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Arts, Sports & Culture

Poll Finds Americans Suspicious of Professional Sports Teams

Following aggravated assault and child abuse charges within the National Football League, Americans are now more skeptical than ever when it comes to professional sports teams and player misconduct, according to the Robert Morris University Polling Institute.

Of the 1,004 people polled across the country, 82.4 percent believe sports teams and their owners hide reports of scandalous player behavior to protect a team’s image.

But David Synkowa, head of Robert Morris University’s Sports Management department, believes American media have painted professional sports in a bad light and has swayed public opinion.

“If there is something there, the teams are going to investigate it,” Synkowa said. “They hire top notch people in law enforcement, such as FBI or local police to investigate any allegations.”

He also said that social media has made professional sports teams more transparent.

“It’s really tough to hide anything nowadays,” he said. “If somebody hears something, if they see something, they’re going to take a picture of it and, whether it’s good or bad, word is going to spread.”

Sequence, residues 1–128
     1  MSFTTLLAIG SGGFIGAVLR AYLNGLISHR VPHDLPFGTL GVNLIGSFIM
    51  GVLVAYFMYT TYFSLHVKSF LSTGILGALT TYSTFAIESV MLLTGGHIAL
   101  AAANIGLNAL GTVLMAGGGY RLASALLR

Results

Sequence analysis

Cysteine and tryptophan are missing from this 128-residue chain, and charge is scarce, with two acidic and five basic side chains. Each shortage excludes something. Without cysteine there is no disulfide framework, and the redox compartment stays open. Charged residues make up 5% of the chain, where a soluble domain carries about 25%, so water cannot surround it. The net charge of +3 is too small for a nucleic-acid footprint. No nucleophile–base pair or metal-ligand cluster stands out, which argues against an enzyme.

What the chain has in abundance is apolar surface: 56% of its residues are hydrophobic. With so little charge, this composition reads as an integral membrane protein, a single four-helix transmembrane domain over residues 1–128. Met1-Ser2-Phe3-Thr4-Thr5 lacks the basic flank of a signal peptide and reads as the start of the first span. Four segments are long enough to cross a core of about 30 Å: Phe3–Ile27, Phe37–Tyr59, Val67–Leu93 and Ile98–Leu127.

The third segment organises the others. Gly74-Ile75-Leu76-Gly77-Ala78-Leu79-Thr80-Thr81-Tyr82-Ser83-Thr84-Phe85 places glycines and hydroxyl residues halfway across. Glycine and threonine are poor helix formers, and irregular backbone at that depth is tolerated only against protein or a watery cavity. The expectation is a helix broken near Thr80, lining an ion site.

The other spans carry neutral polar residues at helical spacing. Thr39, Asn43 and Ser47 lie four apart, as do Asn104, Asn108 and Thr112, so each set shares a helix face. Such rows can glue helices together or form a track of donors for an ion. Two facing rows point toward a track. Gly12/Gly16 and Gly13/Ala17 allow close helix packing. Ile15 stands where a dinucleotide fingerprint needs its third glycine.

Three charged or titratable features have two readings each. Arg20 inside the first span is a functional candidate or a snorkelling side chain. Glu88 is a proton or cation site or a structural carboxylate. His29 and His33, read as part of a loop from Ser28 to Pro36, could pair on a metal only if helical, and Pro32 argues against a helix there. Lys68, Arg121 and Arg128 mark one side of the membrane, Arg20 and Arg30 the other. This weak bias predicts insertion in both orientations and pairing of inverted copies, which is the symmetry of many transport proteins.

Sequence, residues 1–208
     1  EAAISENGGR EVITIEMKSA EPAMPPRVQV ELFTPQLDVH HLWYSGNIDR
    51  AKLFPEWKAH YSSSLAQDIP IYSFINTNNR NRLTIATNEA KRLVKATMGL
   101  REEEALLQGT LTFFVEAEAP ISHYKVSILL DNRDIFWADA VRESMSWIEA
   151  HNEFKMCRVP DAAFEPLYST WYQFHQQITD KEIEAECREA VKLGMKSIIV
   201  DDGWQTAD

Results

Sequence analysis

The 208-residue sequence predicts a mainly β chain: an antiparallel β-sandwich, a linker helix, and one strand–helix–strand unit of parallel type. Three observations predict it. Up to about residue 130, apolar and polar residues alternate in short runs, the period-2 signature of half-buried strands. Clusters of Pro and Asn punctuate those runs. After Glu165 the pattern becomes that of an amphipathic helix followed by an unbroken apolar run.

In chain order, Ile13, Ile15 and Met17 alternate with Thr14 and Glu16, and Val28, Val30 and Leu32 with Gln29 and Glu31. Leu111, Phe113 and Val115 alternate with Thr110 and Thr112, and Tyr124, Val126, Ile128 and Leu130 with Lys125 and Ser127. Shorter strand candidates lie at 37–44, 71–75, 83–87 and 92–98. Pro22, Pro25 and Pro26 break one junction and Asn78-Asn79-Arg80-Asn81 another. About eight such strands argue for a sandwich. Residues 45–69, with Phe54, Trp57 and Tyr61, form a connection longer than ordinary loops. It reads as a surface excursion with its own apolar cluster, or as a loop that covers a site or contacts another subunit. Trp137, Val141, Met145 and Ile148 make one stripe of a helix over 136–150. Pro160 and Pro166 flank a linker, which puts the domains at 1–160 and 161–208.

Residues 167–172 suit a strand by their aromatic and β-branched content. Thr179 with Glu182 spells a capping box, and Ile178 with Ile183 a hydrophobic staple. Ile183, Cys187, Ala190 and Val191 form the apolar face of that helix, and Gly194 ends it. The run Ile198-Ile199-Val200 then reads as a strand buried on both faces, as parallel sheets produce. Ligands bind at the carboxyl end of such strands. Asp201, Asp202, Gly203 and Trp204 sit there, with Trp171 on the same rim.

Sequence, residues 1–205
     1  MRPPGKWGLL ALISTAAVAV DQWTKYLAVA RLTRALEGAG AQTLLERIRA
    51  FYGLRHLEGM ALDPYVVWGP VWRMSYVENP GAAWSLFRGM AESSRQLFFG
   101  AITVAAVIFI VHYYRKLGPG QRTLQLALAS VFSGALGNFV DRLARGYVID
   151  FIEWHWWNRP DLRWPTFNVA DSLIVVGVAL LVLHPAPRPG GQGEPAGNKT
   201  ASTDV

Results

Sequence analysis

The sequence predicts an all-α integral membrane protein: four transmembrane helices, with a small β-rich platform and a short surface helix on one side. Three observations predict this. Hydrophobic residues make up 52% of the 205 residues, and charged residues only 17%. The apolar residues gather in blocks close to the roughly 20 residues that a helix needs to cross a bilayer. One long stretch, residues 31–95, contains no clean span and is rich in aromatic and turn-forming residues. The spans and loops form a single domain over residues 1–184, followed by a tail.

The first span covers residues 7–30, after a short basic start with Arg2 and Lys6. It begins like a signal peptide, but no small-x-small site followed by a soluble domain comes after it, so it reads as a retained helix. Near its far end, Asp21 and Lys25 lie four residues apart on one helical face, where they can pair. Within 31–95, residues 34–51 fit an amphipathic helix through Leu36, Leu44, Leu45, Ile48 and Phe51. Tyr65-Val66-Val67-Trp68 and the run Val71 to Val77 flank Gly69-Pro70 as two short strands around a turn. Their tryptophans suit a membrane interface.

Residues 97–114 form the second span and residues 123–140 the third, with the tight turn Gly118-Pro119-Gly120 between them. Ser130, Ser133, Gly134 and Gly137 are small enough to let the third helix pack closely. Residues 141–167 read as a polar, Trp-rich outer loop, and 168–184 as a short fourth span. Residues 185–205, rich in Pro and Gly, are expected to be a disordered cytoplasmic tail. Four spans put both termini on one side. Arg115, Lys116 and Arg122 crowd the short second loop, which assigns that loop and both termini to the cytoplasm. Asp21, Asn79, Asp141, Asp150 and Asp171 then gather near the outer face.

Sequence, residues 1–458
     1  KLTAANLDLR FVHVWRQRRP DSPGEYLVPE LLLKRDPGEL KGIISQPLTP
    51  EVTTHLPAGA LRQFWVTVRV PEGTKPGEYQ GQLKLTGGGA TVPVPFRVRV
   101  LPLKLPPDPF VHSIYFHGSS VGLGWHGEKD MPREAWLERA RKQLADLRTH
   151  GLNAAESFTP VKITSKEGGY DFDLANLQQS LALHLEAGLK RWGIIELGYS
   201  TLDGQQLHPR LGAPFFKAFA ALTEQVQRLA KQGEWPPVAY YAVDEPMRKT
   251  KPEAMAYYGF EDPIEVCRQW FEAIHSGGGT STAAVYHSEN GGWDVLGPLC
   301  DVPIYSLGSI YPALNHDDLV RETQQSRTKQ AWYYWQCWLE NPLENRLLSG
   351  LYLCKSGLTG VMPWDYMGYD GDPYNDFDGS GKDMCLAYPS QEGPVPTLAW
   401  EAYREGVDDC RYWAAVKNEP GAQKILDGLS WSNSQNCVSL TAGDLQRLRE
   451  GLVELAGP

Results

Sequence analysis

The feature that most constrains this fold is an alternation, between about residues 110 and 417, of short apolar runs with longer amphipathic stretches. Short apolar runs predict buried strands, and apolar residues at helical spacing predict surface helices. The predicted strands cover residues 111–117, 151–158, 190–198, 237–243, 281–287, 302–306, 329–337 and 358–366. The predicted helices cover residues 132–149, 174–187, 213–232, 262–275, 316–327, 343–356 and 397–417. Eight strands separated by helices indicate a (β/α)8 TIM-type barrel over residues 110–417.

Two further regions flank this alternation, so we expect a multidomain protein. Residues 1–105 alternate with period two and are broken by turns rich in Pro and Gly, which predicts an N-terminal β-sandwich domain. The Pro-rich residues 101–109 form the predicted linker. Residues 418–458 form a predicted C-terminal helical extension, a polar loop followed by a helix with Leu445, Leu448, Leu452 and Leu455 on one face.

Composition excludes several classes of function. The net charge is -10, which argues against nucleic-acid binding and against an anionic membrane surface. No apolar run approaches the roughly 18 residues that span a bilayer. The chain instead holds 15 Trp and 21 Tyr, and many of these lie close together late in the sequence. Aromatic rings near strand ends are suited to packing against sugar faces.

The poll found 85 percent of respondents view athletes as role models, but about 76 percent of people believe Americans overlook bad behavior because of a player’s celebrity.

Snykowa said that recent high-profile cases, such as the arrest, suspension and eventual reinstatement of former Baltimore Ravens running back Ray Rice on aggravated assault charges, has led to a misconception that all athletes are criminals.

“We look at other professions,” he said. “We see other professionals also engaged in other types of behaviors in terms of spousal abuse or committing felonies, and they do not receive the same amount of attention.”

At the same time, the controversies have led to important societal discussions in subjects such as child abuse, domestic abuse and rape.

“Any time that you can create an awareness and get people talking about it, it does have an impact,” he said.

According to the survey, about 74 percent of Americans are becoming less tolerant of criminal behavior by sports figures. About 62 percent of sports fans said they have made no changes in following their favorite teams regardless of player criminal activity.